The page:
ORIGINAL SETTLERS: Five generations of the Togo family  cut the ribbon to the new display at Tweed Heads. From left Jodie Togo, Marg Togo, Harlem McDonald, Kristine King and David Togo.
ORIGINAL SETTLERS: Five generations of the Togo family cut the ribbon to the new display at Tweed Heads. From left Jodie Togo, Marg Togo, Harlem McDonald, Kristine King and David Togo. Nikki Todd

Islanders mark local history

FEW realise the significance of the Tweed as home to thousands of South Sea Islanders who fled oppression in Queensland more than 100 years ago.

Brought to Australia as labourers in the late 1800s to work the cane and banana plantations, many of the islanders fled to NSW around the turn of the last century, settling around Cudgen and Chinderah after Queensland moved to deport them under the White Australia Policy of 1901.

Some of those settlers started up their own banana farms in the area, often working at night so as not to be seen.

Their colourful history was marked on Saturday when descendants of the first South Sea Islanders to the region opened the community's new display room at the Tweed Shire Council administration offices in Tweed Heads.

The display has been relocated from its original position in the civic centre to make way for the expansion of the Tweed library due early next year.

The display represents the first stage of the centre with plans afoot to work with the Tweed Museum to expand the exhibition.

Tweed Gold Coast Australian South Sea Islander Community president Fiona Mount welcomed dignitaries to the event, including members of five generations of the Togo family, one of the first Islander families to settle on the Tweed.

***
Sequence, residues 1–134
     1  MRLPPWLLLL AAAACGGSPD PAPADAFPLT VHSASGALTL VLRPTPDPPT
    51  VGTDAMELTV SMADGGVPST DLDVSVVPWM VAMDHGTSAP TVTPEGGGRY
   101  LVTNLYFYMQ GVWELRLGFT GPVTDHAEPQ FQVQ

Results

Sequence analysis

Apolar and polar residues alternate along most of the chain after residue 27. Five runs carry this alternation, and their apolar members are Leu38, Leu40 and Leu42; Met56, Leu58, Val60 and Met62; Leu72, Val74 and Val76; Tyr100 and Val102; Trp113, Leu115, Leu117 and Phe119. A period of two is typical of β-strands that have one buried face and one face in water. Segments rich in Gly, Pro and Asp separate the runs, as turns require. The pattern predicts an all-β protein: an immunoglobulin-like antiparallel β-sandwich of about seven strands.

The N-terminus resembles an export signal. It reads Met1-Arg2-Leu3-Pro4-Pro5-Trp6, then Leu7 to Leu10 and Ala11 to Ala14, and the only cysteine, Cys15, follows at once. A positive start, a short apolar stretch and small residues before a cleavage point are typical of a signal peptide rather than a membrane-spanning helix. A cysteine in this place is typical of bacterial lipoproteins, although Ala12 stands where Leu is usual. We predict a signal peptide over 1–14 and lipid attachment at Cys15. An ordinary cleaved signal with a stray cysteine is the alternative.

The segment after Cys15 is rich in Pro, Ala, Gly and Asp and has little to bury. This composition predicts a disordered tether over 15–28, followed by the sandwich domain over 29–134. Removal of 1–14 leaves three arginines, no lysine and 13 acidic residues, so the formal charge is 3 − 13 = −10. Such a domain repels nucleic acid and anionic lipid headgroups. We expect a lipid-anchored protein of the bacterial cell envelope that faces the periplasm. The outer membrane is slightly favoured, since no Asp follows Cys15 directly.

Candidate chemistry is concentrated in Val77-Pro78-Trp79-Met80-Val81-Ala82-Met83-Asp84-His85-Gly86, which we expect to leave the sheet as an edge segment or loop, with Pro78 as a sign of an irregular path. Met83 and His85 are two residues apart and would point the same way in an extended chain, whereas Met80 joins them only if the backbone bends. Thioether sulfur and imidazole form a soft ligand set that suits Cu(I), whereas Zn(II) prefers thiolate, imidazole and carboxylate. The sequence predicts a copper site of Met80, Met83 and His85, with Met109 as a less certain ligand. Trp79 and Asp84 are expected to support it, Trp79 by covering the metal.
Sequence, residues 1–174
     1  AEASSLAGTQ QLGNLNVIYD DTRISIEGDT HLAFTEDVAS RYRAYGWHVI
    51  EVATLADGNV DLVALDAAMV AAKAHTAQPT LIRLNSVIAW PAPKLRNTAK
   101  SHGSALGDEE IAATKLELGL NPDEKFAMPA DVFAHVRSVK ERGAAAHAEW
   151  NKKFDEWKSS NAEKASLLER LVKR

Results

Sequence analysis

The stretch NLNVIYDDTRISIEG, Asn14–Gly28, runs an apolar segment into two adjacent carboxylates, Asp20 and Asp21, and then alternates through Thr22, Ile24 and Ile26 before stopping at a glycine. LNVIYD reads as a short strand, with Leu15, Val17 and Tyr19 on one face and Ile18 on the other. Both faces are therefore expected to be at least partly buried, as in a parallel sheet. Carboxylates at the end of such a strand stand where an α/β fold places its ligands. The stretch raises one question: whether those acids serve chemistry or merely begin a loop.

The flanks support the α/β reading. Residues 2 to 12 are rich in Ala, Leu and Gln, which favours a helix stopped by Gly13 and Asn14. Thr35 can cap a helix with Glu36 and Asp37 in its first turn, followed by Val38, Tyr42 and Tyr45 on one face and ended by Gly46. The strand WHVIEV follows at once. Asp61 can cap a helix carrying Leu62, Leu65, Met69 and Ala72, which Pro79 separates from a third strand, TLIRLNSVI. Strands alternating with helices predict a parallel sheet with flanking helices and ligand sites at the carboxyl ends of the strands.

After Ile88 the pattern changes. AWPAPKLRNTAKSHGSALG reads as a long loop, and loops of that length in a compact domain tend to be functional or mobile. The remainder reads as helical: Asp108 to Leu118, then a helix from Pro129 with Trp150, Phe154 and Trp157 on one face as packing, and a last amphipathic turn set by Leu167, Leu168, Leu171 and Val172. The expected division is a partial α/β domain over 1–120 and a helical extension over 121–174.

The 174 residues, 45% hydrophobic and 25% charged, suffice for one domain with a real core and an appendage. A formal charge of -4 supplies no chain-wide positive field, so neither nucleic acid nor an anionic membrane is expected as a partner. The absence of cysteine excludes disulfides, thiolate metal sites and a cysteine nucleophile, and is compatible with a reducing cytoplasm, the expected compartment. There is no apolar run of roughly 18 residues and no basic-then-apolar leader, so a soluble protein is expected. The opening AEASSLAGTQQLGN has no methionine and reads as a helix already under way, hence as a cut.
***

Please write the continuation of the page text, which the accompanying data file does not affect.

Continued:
Other dignitaries included Vanuatu Chief Hendon Kalsakau, some of whose relatives are buried in the community cemetery at Chinderah, who travelled to the Tweed to mark the occasion with his wife Betty.

Vanuatu Chief Hendon Kalsakau and his wife Betty Kalsakau (both in blue) with Marg and Pat Togo.
Vanuatu Chief Hendon Kalsakau and his wife Betty Kalsakau (both in blue) with Marg and Pat Togo. Nikki Todd

Former long-serving Tweed mayor Max Boyd, who presided over the opening of the first SSI display in November 2000, paid homage to several significant members of the community, including the late Phyllis Corowa, Faith Bandler and Walter Mussing who sought national recognition of their people.

"This is another chapter in Australia's history that cannot be forgotten,” Mr Boyd said.

"But we can go some way towards showing our dismay for the way in which our white forebears treated this minority group of fine people. We can heartily congratulate them on this wonderful exhibition; give them whatever assistance available and support them in their aspirations.”

Max and Marguerite Boyd.
Max and Marguerite Boyd. Nikki Todd


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